# Video: Using Graphs to Estimate Limits at Infinity

Consider the graph of π(π₯) = 2^(π₯) sin (4π₯). Estimate lim_(π₯βββ) π(π₯). Estimate lim_(π₯ββ) π(π₯).

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### Video Transcript

Consider the graph of π of π₯ equals two to the π₯ sin four π₯. Estimate the limit of π of π₯ as π₯ approaches minus infinity. Estimate the limit of π of π₯ as π₯ approaches infinity.

There are two parts of this question. Both parts require us to estimate the value of a limit from the graph. We start with the first part where we have to estimate the value of the limit of π of π₯ as π₯ approaches minus infinity. So as π₯ gets smaller and smaller, more and more negative without bound, what value, if any, does π of π₯ approach?

Letβs take a look at our graph, picking a point with a small but positive value of π₯. And we see that we have a small but positive value of π of π₯ as well, the π¦-coordinate. As we let π₯ decrease approaching negative infinity, we can see that the value of π of π₯ is oscillating, as we look to the left. But as π₯ continues to decrease, we can no longer see the small oscillations as theyβre getting smaller and smaller. The graph appears to hug the π₯-axis closer and closer, asymptotically approaching the π₯-axis. And so, we estimate that the limit of π of π₯ as π₯ approaches minus infinity is zero.

As π₯ approaches negative infinity β that is as π₯ gets smaller and smaller or more and more negative without bound, moving further and further left on our graph β the value of π of π₯ which is represented by the π¦-coordinates of the points on our graph gets closer and closer to zero or approaches zero. And so, this is our estimate for the limit of π of π₯ as π₯ approaches minus infinity.

Now, for the second part of the question β where we have to estimate the value of the limit of π of π₯ as π₯ approaches infinity, so as π₯ gets greater and greater without bound β what value, if any, does π of π₯ approach? Again, we pick a value of π₯ and find the corresponding point on our graph. And we see that its π¦-coordinate, representing π of π₯ for this value of π₯, is small but negative.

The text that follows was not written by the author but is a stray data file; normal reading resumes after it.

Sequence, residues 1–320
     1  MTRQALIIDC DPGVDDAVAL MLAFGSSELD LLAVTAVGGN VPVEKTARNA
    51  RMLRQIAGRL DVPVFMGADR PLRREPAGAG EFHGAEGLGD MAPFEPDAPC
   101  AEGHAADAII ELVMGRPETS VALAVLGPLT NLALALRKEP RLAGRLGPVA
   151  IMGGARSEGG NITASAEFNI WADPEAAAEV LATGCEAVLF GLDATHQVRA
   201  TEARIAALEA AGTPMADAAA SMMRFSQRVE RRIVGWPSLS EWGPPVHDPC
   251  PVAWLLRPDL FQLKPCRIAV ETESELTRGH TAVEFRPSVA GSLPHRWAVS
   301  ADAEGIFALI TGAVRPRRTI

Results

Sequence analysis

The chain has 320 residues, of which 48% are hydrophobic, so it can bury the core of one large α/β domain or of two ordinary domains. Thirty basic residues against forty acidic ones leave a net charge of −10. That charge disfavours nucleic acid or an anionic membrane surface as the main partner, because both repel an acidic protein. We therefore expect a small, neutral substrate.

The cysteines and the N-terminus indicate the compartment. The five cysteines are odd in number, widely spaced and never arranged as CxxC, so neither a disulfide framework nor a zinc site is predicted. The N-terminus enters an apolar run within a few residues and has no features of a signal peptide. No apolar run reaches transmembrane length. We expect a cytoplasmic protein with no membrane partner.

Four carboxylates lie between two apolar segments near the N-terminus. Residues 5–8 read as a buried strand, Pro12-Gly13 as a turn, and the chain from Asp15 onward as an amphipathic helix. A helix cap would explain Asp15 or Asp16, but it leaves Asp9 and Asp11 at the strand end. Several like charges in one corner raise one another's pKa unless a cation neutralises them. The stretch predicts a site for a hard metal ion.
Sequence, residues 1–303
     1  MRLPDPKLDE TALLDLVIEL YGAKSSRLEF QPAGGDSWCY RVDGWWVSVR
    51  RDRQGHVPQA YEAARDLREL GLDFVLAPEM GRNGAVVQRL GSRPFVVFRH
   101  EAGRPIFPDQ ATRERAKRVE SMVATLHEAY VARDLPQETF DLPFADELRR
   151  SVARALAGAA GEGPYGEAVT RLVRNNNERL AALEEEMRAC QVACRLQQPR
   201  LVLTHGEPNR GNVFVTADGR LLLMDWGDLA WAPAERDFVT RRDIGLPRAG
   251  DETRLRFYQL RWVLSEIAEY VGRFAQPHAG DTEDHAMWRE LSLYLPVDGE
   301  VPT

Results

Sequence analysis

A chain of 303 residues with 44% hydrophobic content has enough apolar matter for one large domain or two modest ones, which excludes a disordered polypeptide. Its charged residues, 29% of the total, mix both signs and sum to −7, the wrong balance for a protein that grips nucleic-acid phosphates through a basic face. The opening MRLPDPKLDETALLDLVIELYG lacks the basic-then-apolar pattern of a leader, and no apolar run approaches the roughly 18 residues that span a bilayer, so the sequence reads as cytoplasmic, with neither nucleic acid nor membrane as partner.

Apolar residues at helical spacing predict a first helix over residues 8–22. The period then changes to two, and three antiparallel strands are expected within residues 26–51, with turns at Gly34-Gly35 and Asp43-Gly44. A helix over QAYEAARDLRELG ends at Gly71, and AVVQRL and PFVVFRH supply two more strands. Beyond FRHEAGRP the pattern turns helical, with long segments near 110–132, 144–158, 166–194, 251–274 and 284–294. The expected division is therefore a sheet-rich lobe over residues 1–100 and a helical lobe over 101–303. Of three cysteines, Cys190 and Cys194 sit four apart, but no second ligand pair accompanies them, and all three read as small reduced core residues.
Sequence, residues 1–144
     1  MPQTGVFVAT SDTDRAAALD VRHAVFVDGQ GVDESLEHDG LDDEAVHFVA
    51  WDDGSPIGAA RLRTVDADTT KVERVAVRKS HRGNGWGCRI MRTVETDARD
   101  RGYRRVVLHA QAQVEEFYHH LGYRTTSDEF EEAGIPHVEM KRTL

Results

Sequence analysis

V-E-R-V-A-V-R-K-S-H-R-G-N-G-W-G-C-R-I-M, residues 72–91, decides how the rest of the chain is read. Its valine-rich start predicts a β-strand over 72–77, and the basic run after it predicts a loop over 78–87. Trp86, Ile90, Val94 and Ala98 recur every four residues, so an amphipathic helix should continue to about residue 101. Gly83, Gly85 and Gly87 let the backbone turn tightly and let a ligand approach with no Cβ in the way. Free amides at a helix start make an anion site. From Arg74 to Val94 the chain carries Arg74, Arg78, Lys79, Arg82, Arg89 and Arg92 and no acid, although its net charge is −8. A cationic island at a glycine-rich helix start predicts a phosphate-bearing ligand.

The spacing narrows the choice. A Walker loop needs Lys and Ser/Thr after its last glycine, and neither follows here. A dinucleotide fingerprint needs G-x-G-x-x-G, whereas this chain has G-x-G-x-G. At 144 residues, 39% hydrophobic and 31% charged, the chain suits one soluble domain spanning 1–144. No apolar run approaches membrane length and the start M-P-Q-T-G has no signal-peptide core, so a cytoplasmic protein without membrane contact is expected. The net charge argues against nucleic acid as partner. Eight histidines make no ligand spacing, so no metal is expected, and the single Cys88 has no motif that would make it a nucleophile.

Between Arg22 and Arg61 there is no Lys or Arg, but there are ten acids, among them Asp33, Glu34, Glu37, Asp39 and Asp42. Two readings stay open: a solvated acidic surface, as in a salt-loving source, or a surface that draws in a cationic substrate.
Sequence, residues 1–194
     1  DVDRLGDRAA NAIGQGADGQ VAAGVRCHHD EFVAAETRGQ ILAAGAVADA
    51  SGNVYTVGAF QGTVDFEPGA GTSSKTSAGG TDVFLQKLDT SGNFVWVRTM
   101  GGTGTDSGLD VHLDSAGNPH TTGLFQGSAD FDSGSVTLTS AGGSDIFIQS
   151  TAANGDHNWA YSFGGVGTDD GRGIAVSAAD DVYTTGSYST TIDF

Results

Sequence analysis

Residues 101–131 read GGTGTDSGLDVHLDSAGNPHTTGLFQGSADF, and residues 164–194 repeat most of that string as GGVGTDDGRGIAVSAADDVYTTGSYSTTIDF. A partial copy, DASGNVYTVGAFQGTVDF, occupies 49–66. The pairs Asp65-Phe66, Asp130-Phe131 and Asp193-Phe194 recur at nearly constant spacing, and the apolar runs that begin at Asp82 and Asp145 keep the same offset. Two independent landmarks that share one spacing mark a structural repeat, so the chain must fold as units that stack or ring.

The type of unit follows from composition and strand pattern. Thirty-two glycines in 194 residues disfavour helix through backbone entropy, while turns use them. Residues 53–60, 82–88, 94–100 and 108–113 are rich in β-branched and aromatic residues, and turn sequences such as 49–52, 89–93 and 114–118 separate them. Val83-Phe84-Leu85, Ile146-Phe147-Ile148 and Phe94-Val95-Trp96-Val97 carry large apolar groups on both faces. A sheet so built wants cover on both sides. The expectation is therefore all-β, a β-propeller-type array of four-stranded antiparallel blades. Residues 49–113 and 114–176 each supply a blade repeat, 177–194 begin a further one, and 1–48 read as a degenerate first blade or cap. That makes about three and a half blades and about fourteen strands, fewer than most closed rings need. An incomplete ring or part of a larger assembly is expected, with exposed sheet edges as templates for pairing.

We want to know about the limit as π₯ approaches infinity. So we allow π₯ to increase. And we see that π of π₯ increases, but then decreases as π₯ increases further. Indeed, the graph is oscillating between large and small values of π of π₯, large and small π¦-coordinates of the points on the graph. And this pattern continues, with the oscillations getting wilder and wilder, bigger and bigger in amplitude, as π₯ increases.

And so, we see that there is no single number that π of π₯ is getting closer and closer to, or approaching, as π₯ approaches infinity. So the value of this limit canβt be any real number. And also, we can see that π of π₯ isnβt just increasing without bound or decreasing without bound. And so, the value of this limit isnβt infinity or minus infinity.

The only conclusion we can draw is that the limit does not exist. π of π₯ is not approaching any real number, nor is it approaching infinity or minus infinity. So weβre out of options.

Weβve answered both parts of this question by looking at the graph of the function. And so, weβve had to assume that the trends we see on the graph continue for values of π₯ which are not on the graph. For example, weβve assumed that as π₯ continues to decrease off the graph, the value of π of π₯ doesnβt suddenly shoot up again. And weβve also assumed that the amplitude of the oscillations doesnβt decrease as π₯ increases off the graph.

Thatβs why we have the verb estimate in both parts of our question. The answer we get from looking at the graph isnβt guaranteed to be right. But, itβs our best estimate. You might like to think about how the rule of the function, π of π₯ equals two to the π₯ sin four π₯, justifies the values of the limits that weβve estimated using the graph.